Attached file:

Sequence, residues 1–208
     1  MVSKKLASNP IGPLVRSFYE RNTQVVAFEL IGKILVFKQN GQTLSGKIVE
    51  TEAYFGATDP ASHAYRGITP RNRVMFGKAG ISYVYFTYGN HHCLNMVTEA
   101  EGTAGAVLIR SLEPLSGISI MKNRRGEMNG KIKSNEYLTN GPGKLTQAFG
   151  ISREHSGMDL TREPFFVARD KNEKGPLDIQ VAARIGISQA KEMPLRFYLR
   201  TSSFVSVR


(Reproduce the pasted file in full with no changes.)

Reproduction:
Sequence, residues 1–208
     1  MVSKKLASNP IGPLVRSFYE RNTQVVAFEL IGKILVFKQN GQTLSGKIVE
    51  TEAYFGATDP ASHAYRGITP RNRVMFGKAG ISYVYFTYGN HHCLNMVTEA
   101  EGTAGAVLIR SLEPLSGISI MKNRRGEMNG KIKSNEYLTN GPGKLTQAFG
   151  ISREHSGMDL TREPFFVARD KNEKGPLDIQ VAARIGISQA KEMPLRFYLR
   201  TSSFVSVR